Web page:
Quote:
Originally Posted by JEB77 View Post

You apparently don't live in McLean or even Fairfax County, so you really do not know this community.
OK, from within the community, what is happening? A couple days of protesting and a petition. What are the next steps to eradicating this legal business?
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Old 10-08-2015, 04:07 AM
 
Location: Northern Virginia
5,102 posts, read 5,385,884 times
Reputation: 12612
Quote:
Originally Posted by JEB77 View Post
And let's cut through the crap - for all the talk about what a great guy some of these gun store owners are, their financial incentive is to sell as much hardware to as many people as they can as quickly as possible.
You've said this more than once, and I'm not sure what is the point. This is the goal of most businesses. That goes without saying. This type of store has more state and federal regulations to comply with than your typical retailer, as long as they are in compliance why should this store be any different?
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Old 10-08-2015, 06:47 AM
 
5,071 posts, read 8,635,379 times
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Quote:
Originally Posted by Bigfoot424 View Post
Again, let the market decide if this business makes it or not. I plan a visit to the store soon.
If you need driving directions, I hear that Route 66 east is pretty light in the mornings.
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Old 10-08-2015, 06:53 AM
 
5,071 posts, read 8,635,379 times
Reputation: 2722
Quote:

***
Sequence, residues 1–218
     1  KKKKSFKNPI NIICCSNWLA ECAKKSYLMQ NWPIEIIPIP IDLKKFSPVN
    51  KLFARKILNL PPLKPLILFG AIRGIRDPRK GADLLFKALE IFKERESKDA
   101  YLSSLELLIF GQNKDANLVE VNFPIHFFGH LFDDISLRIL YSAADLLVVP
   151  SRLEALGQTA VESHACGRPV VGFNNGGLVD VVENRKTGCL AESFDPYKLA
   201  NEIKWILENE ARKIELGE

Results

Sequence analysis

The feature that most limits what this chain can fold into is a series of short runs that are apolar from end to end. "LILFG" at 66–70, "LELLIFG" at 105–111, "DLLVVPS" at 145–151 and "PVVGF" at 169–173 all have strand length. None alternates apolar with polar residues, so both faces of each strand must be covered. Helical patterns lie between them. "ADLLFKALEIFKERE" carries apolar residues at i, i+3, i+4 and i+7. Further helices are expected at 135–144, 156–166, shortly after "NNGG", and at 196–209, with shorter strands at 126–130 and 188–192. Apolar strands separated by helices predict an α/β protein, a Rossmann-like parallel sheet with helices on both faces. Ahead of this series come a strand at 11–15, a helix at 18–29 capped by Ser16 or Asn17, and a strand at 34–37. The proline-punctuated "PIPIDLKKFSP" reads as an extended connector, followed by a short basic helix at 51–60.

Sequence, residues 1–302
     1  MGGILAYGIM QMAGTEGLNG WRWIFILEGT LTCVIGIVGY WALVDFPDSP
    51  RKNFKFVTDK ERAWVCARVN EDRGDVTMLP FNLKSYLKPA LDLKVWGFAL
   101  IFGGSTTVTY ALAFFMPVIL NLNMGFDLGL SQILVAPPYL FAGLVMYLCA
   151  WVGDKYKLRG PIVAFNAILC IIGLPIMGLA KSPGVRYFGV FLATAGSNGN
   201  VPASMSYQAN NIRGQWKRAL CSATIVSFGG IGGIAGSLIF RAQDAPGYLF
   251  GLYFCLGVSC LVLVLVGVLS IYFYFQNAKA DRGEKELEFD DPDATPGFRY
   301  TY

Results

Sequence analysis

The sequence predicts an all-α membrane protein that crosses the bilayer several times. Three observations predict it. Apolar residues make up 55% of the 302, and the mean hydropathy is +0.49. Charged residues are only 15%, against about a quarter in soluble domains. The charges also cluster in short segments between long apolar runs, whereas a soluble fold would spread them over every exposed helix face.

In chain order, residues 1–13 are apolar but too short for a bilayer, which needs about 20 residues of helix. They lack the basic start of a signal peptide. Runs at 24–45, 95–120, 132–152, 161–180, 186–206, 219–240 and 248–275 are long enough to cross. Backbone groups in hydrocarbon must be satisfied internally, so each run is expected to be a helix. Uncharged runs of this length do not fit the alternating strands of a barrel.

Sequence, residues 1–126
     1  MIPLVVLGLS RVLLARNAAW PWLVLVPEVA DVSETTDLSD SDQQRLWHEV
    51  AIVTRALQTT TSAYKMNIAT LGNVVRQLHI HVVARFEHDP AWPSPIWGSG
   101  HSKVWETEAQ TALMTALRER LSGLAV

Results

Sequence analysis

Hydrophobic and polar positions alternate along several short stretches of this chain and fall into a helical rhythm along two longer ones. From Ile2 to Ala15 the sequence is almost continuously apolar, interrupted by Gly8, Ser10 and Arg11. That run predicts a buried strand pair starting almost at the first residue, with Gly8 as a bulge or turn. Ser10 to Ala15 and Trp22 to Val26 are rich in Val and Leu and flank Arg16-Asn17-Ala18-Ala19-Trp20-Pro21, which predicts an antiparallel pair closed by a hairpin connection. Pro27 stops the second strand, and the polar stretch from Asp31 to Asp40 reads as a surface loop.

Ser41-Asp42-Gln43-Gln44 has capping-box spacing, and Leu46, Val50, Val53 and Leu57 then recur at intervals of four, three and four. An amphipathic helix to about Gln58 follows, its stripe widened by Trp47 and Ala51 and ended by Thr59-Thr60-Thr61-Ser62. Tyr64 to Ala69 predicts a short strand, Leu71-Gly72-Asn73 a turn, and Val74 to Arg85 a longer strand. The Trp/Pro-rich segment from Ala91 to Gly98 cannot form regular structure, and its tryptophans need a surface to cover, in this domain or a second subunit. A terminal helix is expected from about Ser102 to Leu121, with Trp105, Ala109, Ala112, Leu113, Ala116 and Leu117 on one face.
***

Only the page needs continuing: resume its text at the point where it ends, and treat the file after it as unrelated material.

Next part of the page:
Originally Posted by HokieFan View Post
You've said this more than once, and I'm not sure what is the point. This is the goal of most businesses. That goes without saying. This type of store has more state and federal regulations to comply with than your typical retailer, as long as they are in compliance why should this store be any different?
They might comply with regulations and sell guns to murderers:

Official: Gun in Va. television murders purchased legally

Some guns stores in Virginia, of course, don't comply with the laws:

NYC Defends Running Stings Of Va. Gun Sales

Locating that store somewhere else would not violate the Second Amendment at all.

Last edited by JD984; 10-08-2015 at 07:01 AM..
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Old 10-08-2015, 06:59 AM
 
Location: New-Dentist Colony
5,740 posts, read 8,967,707 times
Reputation: 3858
People have a right to express their opposition (however illogical) to the relocation of this business.

However: It's a slippery slope when local communities oppose a legal businesses based on dislike of what it sells.

What if a group of vocal locals in a conservative Christian community oppose a new Islamic bookstore? Do those law-abiding Americans, solely due to their religion, forfeit their right to open a business?

What if it's an LGBT bookstore?

What if it's a Tea Party bookstore opening in Takoma Park?

What if it were a lingerie store in a predominantly Muslim neighborhood?

This is America. Complain all you want--but all of the above have the right to pursue a legal livelihood within the confines of the law.